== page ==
by Julia Malacoff

For anyone trying to lose or maintain their weight, the holidays can be a tricky time. In particular, Thanksgiving is centered around food in many families and homes. So if you’re watching what you eat, striking the balance between enjoying yourself and staying on track can be challenging. Luckily, nutrition pros don’t recommend abstaining from all the things you love. Instead, they suggest following these smart guidelines to ensure you make the most of your holiday — without going overboard.


“It’s not uncommon for people to skip earlier meals in the day to ‘save up’ for the Thanksgiving feast,” notes Claire Virga, a registered dietitian at Rooted Wellness in New York City. This tactic usually backfires. “By the time you sit down to eat, your blood sugar has dropped and you are ravenously hungry, making it very hard not to overeat,” she explains. Instead, Virga suggests starting your day with a balanced breakfast and lunch (if you’re eating your main Thanksgiving meal at dinner). “Use these meals to get in a lot of greens and veggies, which you might eat less of at Thanksgiving dinner.”


Set aside time to be active on the big day. “Whether its a pre-feast yoga flow, a turkey trot or a long walk with family after the big meal, a little movement goes a long way,” Virga says. “While it can be tempting to nap right after you eat, going for a walk outdoors, even for just 15 minutes, can help with digestion and even help lower blood sugar. Additionally, all that family time can be stress-inducing, so a little exercise will help you get out some of that tension!”


Aside from limiting the calories you consume from alcohol, there are a couple other reasons this is a good idea. “First, alcohol lowers our inhibitions and can lead us to make food choices we normally wouldn’t. If you plate your food before you start drinking, you’re ensuring you have a clear head when choosing,” explains Krista Linares, RD. “Second, alcohol can send your blood sugar on a roller coaster ride. Having some food with it will help avoid the dramatic dips and spikes that can happen when we drink.”


“Much of the food at Thanksgiving revolves around sugary sweet desserts, high-fat entrees with creamy sauces and loads of processed snacks,” says Kristen Carli, RD. Being conscious about building a balanced plate can help you feel satisfied at the end of the meal without feeling overstuffed. “At least half of your plate should contain vegetables,” Carlie says. The other two quarters should be made up of lean protein (turkey!) and whole grains or nutrient-rich carbohydrates (like sweet potatoes).


Thanksgiving is a celebration that only happens once a year. “Encouraging restriction, especially at celebrations or family time, is one of the quickest ways to get someone to give up altogether or even experience a binge,” says Linares. “The second you tell yourself not to do something, that inner rebel comes out and wants to do exactly what you just told yourself not to do.”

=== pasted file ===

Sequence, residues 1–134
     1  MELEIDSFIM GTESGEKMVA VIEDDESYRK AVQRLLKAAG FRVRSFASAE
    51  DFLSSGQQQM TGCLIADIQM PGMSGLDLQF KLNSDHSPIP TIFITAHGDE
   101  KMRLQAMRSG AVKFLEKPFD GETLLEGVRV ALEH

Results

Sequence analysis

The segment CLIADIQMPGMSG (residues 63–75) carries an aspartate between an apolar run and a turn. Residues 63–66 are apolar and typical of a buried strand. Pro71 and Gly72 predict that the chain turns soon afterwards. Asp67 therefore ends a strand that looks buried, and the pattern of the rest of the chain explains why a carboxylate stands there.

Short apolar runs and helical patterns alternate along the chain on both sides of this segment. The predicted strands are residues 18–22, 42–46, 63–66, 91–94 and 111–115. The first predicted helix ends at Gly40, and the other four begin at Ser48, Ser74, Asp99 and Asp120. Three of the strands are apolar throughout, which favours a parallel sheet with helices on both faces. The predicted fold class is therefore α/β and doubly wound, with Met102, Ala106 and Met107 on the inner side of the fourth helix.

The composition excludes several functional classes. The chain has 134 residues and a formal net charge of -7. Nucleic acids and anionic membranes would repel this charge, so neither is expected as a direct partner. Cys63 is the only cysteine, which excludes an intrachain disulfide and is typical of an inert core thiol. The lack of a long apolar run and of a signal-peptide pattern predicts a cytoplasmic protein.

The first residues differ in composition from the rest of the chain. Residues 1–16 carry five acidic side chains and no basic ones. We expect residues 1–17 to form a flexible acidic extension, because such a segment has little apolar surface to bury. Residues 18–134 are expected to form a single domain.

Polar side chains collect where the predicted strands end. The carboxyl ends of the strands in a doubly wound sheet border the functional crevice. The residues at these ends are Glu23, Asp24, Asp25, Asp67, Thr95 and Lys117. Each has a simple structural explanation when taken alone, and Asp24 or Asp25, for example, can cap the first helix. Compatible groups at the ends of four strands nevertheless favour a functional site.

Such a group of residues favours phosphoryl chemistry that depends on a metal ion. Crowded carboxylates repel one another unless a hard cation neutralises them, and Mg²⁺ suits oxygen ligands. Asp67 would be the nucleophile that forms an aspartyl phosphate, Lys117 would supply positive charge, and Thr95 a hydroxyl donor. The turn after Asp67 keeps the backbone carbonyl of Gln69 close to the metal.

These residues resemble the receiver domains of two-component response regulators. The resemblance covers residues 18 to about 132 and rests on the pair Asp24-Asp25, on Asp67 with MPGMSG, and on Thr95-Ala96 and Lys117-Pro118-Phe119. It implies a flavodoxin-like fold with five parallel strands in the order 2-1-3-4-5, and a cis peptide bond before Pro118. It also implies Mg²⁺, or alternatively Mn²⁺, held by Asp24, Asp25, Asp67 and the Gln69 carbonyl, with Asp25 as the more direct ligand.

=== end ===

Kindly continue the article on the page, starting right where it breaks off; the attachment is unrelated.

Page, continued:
Instead of making things off-limits, pick your indulgences strategically. “I encourage clients to pick one or two favorites that they can enjoy without limits or guilt. Usually, these are special foods that only come around at Thanksgiving, like pumpkin pie. This usually calms down that inner rebel, because you know you can enjoy yourself with the favorite foods that really matter.”


Just as you should decide which treats are “worth it,” go into your holiday meal with a clear idea of which foods are not worth it. “I’ve heard so many clients say they don’t actually love gravy or sweet potato casserole, but they eat it because it’s a special Thanksgiving food,” says Linares. Instead, “ditch what you don’t like and save room for something you do love.” Brainstorm ahead of time one or two foods you don’t actually enjoy all that much, so when the time comes, skipping them is an easy decision.


Research shows people tend to overeat when they’re standing or eating quickly, notes Carli. “It takes about 20 minutes for your brain to recognize that you are full. Slow down and enjoy the company you’re with.” Regularly practicing mindful eating (and especially on a big food holiday) can not only make the experience of eating more enjoyable, but it can actually help you lose weight long-term.


Some people feel guilt or shame after indulging, but it’s best to avoid this if at all possible so you can get right back to your normal regimen. “This [guilt] will only lead to more overindulging, and it’s often why people go on a bender from November to December 30th,” says Sam Presicci, lead registered dietitian at Snap Kitchen. “Whether you ate a slice of pie or an entire pie, no amount of criticizing yourself will improve your physical state.”

Instead of judging yourself, stay positive. Presicci recommends approaching the situation with curiosity. “Ask yourself whether or not you could do anything different in the future to feel better than you do in that moment. If the answer is yes, write down a few ways to approach the situation differently next time. And here’s a secret: One meal or one day of overindulgence won’t derail your progress. That said, the endless cycle of shame, guilt and then going overboard will.”

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